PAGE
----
Livanos bets on carbon capture with 60-ship fleet

Greek shipowner Peter Livanos is backing a new player in the carbon capture, utilisation and storage (CCUS) arena, EcoLog, that plans to become a leading global midstream business with a virtual pipeline of 60 ships, along with associated import and export terminals, to transport 50m tons of CO2 a year by 2035.

Specifically, the new enterprise is part of Ceres Shipping, whose interests span the liquified natural gas and dry bulk transportation sectors through GasLog and DryLog, respectively. “We believe EcoLog will help accelerate the urgently required adoption of CCUS by offering midstream services at scale and at speed,” Ceres Shipping said.

According to EcoLog, its ships will be on a scale ranging from 20,000 cu m at the smaller end for regional trades and 85,000 cu m in cargo carrying capacity for longer distance trades, and each will transport over 1m tons of CO2 per year between its import and export terminals. “The ships and terminals will operate at 8 bar pressure to ensure efficient and safe transportation of large volumes of CO2. All the technologies to be deployed within this network have been established for many years, simply reconfigured for scale and product,” the company added.

Jasper Heikens, the chief commercial officer of EcoLog, commented: “EcoLog is an exciting and timely venture ready to create low cost, large scale and at speed solutions for emitters to transport and permanently store CO2 emissions. The global challenge to sequester 7.6 gigatons of CO2 by 2050 to stay within 1.5-degree global warming (IEA figures) is clear and we are putting in place the infrastructure to make that happen.”

Adis Ajdin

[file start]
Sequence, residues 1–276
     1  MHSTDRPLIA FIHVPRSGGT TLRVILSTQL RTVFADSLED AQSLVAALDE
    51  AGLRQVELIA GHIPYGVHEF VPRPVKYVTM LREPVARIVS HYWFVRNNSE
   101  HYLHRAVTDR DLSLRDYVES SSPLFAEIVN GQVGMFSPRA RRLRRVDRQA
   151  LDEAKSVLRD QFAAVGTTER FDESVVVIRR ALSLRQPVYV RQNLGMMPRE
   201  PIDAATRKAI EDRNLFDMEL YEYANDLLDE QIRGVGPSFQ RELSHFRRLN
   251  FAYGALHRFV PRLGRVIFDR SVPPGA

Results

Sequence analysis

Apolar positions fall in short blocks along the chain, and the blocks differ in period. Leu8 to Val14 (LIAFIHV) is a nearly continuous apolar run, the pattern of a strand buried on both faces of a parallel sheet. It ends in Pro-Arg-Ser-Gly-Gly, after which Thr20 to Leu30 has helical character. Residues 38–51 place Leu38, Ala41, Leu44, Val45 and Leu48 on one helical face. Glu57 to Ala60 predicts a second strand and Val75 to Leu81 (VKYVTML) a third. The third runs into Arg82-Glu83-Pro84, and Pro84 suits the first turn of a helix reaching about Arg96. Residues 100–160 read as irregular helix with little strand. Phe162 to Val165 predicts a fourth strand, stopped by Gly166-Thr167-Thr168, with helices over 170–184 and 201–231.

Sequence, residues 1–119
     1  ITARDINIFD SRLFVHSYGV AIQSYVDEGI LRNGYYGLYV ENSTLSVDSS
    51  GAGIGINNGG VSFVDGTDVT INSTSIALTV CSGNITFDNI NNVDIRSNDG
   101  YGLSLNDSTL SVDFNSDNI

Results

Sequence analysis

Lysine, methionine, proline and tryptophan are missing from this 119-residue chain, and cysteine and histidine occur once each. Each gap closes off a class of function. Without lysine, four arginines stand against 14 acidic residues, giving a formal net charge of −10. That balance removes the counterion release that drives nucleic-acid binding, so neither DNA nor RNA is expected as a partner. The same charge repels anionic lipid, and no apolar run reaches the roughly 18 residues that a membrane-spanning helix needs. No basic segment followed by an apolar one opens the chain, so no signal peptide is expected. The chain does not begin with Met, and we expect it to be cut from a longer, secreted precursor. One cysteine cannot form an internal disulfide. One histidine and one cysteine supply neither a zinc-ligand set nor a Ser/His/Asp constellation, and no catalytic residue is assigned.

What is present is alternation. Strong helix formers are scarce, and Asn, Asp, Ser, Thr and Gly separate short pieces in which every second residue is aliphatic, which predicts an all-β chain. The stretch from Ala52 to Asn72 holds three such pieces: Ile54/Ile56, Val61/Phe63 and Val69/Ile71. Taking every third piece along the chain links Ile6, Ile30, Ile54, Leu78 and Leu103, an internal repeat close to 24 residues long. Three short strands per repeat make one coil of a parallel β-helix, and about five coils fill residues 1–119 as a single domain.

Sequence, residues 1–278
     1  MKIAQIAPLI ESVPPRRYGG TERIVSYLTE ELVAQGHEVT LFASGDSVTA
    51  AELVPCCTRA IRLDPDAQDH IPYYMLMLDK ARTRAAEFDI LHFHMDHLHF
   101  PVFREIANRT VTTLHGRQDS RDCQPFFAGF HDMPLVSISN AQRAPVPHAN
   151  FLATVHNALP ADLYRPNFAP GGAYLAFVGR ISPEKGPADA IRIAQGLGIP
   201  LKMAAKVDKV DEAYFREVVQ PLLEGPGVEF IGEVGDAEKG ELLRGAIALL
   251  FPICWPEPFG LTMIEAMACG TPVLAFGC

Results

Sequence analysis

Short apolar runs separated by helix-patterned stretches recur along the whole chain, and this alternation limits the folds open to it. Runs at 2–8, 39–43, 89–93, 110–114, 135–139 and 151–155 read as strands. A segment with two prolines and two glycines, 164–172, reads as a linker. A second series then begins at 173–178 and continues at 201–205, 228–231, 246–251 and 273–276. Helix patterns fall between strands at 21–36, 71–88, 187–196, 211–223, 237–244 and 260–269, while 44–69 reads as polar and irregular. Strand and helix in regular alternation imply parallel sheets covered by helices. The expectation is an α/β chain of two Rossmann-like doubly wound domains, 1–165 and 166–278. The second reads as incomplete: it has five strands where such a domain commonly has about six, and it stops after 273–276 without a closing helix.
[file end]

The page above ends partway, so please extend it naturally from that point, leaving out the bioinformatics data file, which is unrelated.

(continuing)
Adis is an experienced news reporter with a background in finance, media and education. He has written across the spectrum of offshore energy and ocean industries for many years and is a member of International Federation of Journalists. Previously he had written for Navingo media group titles including Offshore Energy, Subsea World News and Marine Energy.


    An Elephant-without-feet, Scrubber-type project by hair-brained Executives? A high-risk, high-cost uncertainty project on a premature venture? Remarks prior to a “harum-scarum” go-ahead order by Livanos:
    > Current CC plants capacity 40 mtpa (excl. undeveloped cap.). In contrast, world emissions: 38 billion tpa). CC part: 1/1000.
    > Temporary and permanent storage (onshore/offshore by Piping/Shipment) to locations is undeveloped worldwide.
    > Currently there is no Sink-Source pairing (CO2 emitters matching reservoirs). Shared networks are needed for reduced costs.
    > High uncertainty on CCS cost. The Northern Lights Project presents Cost-relative uncertainty of 30%.
    > Feasible reservoirs for sea transport are mostly restricted in N. Sea (Europe projects) and offshore Japan. Feasible WW regional storage locations are mostly onshore with piping transportation.
    > Northern Lights CC capacity is 1.5 Mtpa from two industrial plants to be shipped to temporary onshore storage. Permanent storage in N.Sea by offshore Pipeline. Targeted upscale from Europe CC hubs 5 Mtpa, a long way to go.
    > Legislative Barriers to CO2 shipping: London Protocol forbidding cross-border CO2 transport and EU ETS Directive, precluding same from ETS financial incentives.

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